… but no consequences
The hits keep coming for that part of the genealogical community called investigative genetic genealogy — IGG for short — the use of DNA to identify human remains and solve crimes.
A statement posted this past week, on the website of Verogen.com, the forensic firm that now owns the GEDmatch website and subsidiary of the Dutch company QIAGEN, confirms the breaches that have been reported in recent weeks.1
The statement posted Thursday reads:
GEDmatch takes the privacy and trust of our users very seriously, and we were concerned to learn about this misuse. To address this issue, the following steps have been taken:
• We have fixed the loopholes that were raised in the report.
• We have undertaken system-wide assessments to mitigate the possibility of other vulnerabilities that may be exploited. These assessments have been incorporated into our ongoing software development life cycle.
• We have notified the relevant regulatory bodies about the unauthorized access of data.
• We will continue to work with the forensic community and data security and privacy experts to support the adoption of best practices for this emerging field.2
In The Legal Genealogist‘s view, there are three things about this statement that are remarkable:
1. As far as I can tell, it’s not on the GEDmatch site itself. I am a registered user,3 and I think I looked pretty thoroughly, including in the official GEDmatch forums. If it’s there, I couldn’t find it — which at least means GEDmatch users aren’t being notified easily by GEDmatch itself.
2. The language of the statement makes it crystal clear that this happened. There is absolutely none of the wiggle language that corporations (and their lawyers) typically use, like “it has been reported that..”. or “we have learned of allegations that…” Clearly, Verogen knows that this happened: members of the investigative genetic genealogy community deliberately and willfully exploited security loopholes to see matching data on DNA kits whose owners had opted out of any law enforcement use of their kits.4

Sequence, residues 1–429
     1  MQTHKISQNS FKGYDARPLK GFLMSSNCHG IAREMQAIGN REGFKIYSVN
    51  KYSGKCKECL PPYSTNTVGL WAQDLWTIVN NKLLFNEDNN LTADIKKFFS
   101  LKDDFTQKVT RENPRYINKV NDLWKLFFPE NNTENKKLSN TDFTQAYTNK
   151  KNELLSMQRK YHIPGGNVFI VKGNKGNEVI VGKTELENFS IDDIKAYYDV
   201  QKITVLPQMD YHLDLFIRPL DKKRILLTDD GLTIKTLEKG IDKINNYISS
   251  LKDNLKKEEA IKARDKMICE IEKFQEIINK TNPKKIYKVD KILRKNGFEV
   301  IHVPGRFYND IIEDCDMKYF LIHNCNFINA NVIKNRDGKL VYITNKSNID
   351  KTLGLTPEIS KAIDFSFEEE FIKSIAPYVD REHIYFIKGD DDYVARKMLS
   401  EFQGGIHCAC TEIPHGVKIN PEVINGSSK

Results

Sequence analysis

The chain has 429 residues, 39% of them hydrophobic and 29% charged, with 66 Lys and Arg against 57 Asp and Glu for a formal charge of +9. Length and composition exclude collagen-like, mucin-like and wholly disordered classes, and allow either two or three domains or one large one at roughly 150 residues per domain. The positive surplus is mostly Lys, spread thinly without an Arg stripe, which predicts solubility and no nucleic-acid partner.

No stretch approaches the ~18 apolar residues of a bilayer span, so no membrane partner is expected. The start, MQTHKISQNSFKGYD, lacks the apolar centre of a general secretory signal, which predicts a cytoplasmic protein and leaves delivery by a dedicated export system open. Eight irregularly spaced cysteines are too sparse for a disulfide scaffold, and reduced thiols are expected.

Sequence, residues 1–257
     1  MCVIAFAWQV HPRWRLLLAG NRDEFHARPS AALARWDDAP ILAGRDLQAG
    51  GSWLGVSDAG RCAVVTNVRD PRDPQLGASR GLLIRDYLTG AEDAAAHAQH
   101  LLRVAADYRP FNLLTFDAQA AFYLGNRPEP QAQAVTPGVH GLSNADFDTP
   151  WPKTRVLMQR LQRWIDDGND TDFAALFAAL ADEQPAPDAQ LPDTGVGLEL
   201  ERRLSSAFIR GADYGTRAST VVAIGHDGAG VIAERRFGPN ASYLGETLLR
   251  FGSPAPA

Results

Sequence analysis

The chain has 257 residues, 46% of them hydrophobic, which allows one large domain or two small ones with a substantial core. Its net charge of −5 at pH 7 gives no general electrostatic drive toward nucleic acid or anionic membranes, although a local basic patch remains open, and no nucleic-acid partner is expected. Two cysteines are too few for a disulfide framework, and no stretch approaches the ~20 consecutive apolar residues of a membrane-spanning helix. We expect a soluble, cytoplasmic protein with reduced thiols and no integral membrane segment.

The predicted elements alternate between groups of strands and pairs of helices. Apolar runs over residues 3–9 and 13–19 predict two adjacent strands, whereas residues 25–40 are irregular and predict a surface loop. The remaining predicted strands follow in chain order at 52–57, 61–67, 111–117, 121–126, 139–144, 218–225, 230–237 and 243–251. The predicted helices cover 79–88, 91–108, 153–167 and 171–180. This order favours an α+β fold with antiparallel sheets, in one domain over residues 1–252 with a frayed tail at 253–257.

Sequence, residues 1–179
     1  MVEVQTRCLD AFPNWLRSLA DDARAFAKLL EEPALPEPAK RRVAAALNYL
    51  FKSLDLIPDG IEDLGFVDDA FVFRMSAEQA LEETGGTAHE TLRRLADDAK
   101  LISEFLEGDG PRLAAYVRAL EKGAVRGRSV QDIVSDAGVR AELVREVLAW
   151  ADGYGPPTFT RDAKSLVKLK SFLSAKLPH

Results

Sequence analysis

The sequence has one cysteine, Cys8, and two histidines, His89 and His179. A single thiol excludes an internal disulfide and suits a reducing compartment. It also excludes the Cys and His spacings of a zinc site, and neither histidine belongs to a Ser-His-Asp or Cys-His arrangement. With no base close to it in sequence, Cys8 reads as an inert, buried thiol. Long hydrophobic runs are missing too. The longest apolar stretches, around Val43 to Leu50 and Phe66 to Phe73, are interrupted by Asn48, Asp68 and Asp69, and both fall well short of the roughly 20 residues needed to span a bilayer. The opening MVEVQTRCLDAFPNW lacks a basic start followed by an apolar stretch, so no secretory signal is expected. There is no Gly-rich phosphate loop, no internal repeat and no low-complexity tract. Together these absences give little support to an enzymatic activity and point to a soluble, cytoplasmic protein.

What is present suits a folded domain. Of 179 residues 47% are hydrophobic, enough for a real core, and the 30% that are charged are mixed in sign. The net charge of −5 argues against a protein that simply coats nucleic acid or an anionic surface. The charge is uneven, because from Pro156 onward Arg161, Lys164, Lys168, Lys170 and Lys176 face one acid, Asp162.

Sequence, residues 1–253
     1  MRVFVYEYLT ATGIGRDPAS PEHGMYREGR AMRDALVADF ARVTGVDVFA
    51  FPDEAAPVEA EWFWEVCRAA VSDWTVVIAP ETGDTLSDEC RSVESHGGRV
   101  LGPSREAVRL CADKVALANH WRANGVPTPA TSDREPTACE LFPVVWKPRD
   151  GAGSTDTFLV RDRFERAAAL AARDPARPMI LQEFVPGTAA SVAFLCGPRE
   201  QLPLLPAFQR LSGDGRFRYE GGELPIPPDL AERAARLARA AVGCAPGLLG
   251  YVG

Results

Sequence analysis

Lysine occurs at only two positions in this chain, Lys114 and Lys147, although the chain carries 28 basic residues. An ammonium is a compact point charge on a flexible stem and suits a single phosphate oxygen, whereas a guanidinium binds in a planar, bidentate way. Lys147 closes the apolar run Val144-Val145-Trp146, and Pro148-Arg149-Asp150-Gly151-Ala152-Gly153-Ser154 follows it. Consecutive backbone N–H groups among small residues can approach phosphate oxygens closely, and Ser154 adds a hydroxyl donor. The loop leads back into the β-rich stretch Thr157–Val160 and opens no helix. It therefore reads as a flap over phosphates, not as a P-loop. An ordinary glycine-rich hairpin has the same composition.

3. There’s not one word about consequences to those who did this. Nothing that says their accounts have been suspended. Nothing that says they’re barred from being in a position to do something like this again. Nothing that says they’ve been required to come clean — even with GEDmatch if not in public.5 Nothing that even says that those responsible for the data breaches won’t be allowed to be in a position to be “foxes in the hen house” when those best practices are being developed for genetic genealogists who work with law enforcement.
In short, we have truth here.
But with no consequences.
This does little to repair the damaged trust the larger genealogical community has in GEDmatch. It calls into question the commitment of Verogen and the investigative genetic genealogy community to truly police this field. And it leaves those investigative genetic genealogists who have been ethical to be tarred with the same brush as those who have not.
It’s hard to imagine that that’s enough.
But it’s all that GEDmatch is offering.
And why all we can do, in response, is decline to use or recommend GEDmatch as a research tool.
Cite/link to this post: Judy G. Russell, “Truth,” The Legal Genealogist (https://www.legalgenealogist.com/blog : posted 17 Sep 2023).
- For background, see Judy G. Russell, “Not whether, but how,” The Legal Genealogist, posted 13 Aug 2023 (https://www.legalgenealogist.com/blog : accessed 17 Sep 2023). And see ibid., “A time for reflection,” posted 20 Aug 2023. ↩
- “Notice regarding investigations into FIGG practitioners circumventing GEDmatch settings and violating Terms of Service, and actions taken,” posted 14 Sep 2023, Verogen.com (https://verogen.com/ : accessed 17 Sep 2023). ↩
- I keep an account there even though I don’t use it and don’t recommend it. See “Withdrawing a recommendation,” The Legal Genealogist, posted 15 May 2019. ↩
- Update: I am informed that some users do see a message on the GEDmatch home page. It is not visible to all users. ↩
- I note for the record that one person involved has come clean, in public. See “From Our Founder, Margaret Press,” DNA Doe Project (https://dnadoeproject.org/ : accessed 17 Sep 2023). ↩